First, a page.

How wellness and soft skills are helping students conquer COVID learning gaps

Capitalizing on 'unexpected learning' to help students advocate for themselves can boost teachers' wellness at the same time.
By: | November 8, 2021
Friendswood IFriendswood ISD has used ESSER funds to hire interventionists and coaches to work with students. It has also added a college-and-career specialist to its high school faculty.SD has used ESSER funds to hire interventionists and coaches to work with students at its four K-5 and K-3 campuses. It has also added a college-and-career specialist to its high school faculty.Friendswood ISD has used ESSER funds to hire interventionists and coaches to work with students. It has also added a college-and-career specialist to its high school faculty.

“Unexpected learning” is the phrase educators at Sevilla Elementry School West Campus in Phoenix prefer to learning loss as they help students recover from COVID’s disruptions.

The shift to remote and online required students to learn some important soft skills that aren’t necessarily taught in classrooms, Principal Jennifer Bunch says.

“Students had to troubleshoot their own technology program, they had to learn to advocate for themselves—you don’t write lessons on that,” says Burch, whose school is part of Alhambra Elementary School District #68. “We decided to have a positive outlook and use positive language.”

Students advocated for themselves on district surveys this year by asking for more time for wellness. So, Burch and her team say this is an opportunity to provide wellness time for teachers, as well.

The school asked its teachers about their own wellness activities, and they are now teaching daily classes such as yoga, badminton, running, golf, coding, animation and video production, among other subjects. Students will rotate through four of the courses this school year.

One thing the school’s administrators realized at the start of this year is that educators had to “rebuild their stamina” for the normal school routine after 19 months of disruptions. “Wellness balances out the day,” Burch says. “We’re capitalizing on teachers’ hobbies and they’re teaching something they’re passionate about and students are benefiting.”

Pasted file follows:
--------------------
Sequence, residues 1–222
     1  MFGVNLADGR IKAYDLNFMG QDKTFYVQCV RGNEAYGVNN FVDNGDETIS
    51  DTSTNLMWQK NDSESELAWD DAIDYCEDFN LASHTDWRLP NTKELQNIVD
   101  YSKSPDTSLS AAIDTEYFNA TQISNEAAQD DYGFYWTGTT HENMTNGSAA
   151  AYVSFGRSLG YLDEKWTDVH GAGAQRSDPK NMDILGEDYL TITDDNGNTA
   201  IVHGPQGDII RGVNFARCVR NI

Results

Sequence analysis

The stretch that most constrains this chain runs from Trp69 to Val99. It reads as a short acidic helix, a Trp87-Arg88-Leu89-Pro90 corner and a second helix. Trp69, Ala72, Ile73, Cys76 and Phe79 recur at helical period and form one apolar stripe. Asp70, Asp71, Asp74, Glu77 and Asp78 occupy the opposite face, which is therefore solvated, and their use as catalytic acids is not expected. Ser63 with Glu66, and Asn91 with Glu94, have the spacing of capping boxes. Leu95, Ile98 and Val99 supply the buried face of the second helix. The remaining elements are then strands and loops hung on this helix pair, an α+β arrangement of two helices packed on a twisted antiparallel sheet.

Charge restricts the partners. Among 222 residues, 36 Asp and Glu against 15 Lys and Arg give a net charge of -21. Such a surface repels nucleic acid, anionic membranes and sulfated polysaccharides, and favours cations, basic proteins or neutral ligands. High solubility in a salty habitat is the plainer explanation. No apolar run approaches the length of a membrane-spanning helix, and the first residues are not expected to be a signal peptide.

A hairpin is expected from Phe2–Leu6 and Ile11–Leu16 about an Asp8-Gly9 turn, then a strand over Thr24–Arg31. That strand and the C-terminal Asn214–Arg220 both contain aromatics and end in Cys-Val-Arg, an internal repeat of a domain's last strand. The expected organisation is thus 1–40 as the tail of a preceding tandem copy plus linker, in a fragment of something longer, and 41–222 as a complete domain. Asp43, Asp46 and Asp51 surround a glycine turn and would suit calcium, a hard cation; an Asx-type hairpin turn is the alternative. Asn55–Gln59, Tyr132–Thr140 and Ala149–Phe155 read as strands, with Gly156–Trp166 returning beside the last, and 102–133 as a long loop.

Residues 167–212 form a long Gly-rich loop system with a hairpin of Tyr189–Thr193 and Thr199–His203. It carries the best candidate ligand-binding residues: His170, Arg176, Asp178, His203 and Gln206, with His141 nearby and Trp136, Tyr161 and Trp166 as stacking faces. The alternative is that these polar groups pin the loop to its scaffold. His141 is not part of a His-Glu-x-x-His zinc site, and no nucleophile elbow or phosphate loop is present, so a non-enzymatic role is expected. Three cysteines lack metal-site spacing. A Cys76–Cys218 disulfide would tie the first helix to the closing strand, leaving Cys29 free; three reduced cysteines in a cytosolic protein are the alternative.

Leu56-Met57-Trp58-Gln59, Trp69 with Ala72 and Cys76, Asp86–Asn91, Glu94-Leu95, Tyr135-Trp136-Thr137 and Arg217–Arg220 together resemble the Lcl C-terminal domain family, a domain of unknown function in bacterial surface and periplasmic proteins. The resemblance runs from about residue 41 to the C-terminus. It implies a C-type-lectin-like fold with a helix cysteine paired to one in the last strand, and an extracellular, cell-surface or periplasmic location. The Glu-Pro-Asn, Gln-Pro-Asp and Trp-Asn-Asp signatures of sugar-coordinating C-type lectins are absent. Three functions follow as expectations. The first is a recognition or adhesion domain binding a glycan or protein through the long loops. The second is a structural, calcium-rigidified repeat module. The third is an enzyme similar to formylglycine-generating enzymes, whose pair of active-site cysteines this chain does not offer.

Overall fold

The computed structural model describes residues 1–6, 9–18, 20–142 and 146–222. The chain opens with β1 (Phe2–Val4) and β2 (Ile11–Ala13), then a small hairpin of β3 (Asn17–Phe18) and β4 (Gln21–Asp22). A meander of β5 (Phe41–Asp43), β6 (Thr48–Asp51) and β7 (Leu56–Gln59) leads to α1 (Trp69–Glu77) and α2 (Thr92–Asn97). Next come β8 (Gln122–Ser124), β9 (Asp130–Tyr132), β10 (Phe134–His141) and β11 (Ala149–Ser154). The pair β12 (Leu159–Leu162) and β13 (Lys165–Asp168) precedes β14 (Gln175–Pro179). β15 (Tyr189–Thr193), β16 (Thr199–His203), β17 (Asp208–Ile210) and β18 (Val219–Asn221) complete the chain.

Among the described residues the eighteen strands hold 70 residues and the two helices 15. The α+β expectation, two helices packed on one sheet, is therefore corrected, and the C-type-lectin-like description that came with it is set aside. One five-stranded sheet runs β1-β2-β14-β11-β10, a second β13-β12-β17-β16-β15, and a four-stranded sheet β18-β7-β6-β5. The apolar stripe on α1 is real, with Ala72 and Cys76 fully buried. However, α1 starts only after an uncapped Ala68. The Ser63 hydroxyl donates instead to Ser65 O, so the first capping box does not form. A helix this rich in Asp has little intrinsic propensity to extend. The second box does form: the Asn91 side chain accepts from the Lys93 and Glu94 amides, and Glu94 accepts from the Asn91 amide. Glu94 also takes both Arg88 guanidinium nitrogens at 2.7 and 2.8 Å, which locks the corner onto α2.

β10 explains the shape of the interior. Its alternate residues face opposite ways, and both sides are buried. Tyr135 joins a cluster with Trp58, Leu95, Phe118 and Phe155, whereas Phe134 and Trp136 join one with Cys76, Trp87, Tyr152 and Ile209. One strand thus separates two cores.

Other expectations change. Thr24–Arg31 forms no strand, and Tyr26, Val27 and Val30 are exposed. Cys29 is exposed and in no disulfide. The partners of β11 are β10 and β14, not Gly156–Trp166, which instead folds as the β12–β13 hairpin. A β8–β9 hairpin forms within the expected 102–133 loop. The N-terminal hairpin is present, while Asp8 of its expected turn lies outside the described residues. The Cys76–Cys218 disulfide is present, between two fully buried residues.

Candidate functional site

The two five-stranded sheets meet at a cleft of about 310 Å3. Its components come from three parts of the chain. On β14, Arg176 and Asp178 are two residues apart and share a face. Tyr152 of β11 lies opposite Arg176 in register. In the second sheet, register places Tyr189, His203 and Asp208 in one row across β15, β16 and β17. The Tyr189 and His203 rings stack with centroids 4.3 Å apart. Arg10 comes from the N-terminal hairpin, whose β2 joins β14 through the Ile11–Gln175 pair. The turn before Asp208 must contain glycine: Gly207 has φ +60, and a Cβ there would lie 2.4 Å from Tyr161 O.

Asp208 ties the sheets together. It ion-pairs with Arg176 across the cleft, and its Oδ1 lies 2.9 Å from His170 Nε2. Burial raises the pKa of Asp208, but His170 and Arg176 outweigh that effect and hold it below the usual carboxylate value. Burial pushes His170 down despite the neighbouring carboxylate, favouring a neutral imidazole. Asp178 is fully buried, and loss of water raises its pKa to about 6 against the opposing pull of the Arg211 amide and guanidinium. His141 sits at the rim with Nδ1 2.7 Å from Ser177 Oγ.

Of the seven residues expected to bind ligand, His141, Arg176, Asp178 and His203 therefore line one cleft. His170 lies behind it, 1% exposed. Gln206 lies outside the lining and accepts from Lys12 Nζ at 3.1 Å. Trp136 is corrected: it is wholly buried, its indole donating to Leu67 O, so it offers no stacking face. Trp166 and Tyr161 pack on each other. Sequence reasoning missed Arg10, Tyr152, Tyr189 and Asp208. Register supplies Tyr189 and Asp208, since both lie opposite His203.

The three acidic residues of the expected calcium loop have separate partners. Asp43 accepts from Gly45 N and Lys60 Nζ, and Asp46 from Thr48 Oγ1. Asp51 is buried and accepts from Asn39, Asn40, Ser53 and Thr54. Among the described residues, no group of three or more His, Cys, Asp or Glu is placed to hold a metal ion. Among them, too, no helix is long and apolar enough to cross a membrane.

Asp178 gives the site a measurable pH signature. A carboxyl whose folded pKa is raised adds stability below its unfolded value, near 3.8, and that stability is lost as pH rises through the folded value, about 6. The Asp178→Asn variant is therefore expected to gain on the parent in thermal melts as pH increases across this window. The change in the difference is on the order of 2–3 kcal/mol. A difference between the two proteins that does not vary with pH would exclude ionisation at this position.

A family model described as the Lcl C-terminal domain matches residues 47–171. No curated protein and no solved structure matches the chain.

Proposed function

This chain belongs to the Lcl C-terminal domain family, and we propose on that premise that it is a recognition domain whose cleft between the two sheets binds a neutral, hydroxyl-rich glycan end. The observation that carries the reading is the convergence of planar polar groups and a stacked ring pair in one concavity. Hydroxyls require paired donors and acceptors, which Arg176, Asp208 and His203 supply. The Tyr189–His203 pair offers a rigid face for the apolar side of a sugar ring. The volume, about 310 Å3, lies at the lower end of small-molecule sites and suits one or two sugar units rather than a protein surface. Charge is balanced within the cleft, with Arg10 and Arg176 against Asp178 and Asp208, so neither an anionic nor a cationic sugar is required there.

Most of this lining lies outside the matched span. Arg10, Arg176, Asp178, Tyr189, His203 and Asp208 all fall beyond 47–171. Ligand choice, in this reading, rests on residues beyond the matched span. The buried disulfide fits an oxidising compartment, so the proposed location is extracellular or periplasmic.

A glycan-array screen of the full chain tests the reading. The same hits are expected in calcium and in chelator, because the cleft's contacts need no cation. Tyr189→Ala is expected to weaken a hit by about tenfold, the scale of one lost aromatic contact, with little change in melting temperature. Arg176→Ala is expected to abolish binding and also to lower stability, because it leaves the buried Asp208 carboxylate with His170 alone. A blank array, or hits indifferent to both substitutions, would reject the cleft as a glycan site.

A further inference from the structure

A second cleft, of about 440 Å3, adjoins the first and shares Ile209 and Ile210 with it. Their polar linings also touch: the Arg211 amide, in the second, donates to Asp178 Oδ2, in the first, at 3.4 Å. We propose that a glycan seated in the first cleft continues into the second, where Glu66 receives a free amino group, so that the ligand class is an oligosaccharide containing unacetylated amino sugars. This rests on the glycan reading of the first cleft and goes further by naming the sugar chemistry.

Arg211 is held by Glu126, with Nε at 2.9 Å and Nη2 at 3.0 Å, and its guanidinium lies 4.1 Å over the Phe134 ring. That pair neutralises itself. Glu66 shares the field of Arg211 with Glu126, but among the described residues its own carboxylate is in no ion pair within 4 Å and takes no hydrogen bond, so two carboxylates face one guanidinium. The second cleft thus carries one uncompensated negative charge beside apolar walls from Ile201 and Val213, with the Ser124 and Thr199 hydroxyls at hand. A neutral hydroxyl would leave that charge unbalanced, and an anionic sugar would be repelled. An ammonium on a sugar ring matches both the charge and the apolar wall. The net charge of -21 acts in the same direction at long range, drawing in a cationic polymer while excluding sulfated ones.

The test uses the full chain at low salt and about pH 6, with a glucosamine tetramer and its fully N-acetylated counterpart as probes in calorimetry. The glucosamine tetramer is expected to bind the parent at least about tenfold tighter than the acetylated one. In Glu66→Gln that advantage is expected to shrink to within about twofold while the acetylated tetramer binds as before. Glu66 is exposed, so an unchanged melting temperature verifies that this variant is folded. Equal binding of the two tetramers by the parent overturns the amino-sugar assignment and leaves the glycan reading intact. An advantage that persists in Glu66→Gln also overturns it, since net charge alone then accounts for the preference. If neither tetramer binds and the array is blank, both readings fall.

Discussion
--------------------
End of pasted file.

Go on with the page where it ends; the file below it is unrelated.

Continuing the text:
Pleasantly surprised

When it comes to academic progress, Burch says she and her team as “pleasantly surprised” about students’ progress this fall even as screeners have revealed foundational gaps in core math and English concepts such as phonics and fluency.

Alhambra Elementary School District-Maria Duarte-

Teachers in Alhambra Elementary School District are offering classes in yoga, coding and other hobbies. (Alhambra Elementary School District/Maria Duarte)

Sevilla West’s administrations and teachers have been building their data literacy skills to keep a laser focus on student achievement and “be intentional about every minute in the class,” Burch says.

Burch and her team created a master schedule for this school year that provides ample time for core instruction, intervention and advisory periods where students can get 1-on-1 help, and social-emotional learning. The schedule also gives teachers lots of time for professional development in concepts such as phonemic awareness and data literacy, neither of which, Burch says, had been prioritized at the school until this year.

About 300 of the school’s 720 students are receiving intensive academic support this school year. The school, which is 1-to-1 with iPads, also uses a learning platform that allows students to keep constant track of their grades and become more responsible for their own learning, Burch says.

“We can walk up to students and ask them about their progress and they can show you on their iPads,” she says. “If students do not know what their deficiencies are and if they’re improving, we are missing a very important piece to increase achievement.”

‘The luxury of interventionists’

Even though most students in Texas’ Friendswood ISD attended school in-person last year, some have struggled to readjust this fall, says Stacy Guzzetta, the executive director of student operations. The Houston-area district has stationed social-emotional learning counselors at its junior high and high school to work with students grappling with anxiety.

“After last year, with masks and activities canceled and not being as close to kids as we normally would be because of social distancing, we’re seeing challenges interacting with students,”  Guzzetta says.

On the academic side, educators are trying to catch up students who didn’t make the gains they would have been expected to make in a normal school year. For example, kids who were in kindergarten pre-COVID have now jumped to second grade after a disrupted first-grade year. “It was really hard to learn to read on-screen and hard to learn to write and hold a pencil correctly on a screen,” she says.

So, the district used ESSER funds to hire interventionists and coaches to work with students at its four K-5 and K-3 campuses. The district has also added a college-and-career specialist to its high school faculty to refocus students on post-graduation pathways.

Overall, Friendswood ISD has spent about 85% of the latest round of ESSER money on personnel, hiring interventionists for two years and coaches for three with hopes of absorbing those positions into the budget when relief funds expire. “We never had the luxury of being able to afford interventionists before,” Guzzetta says.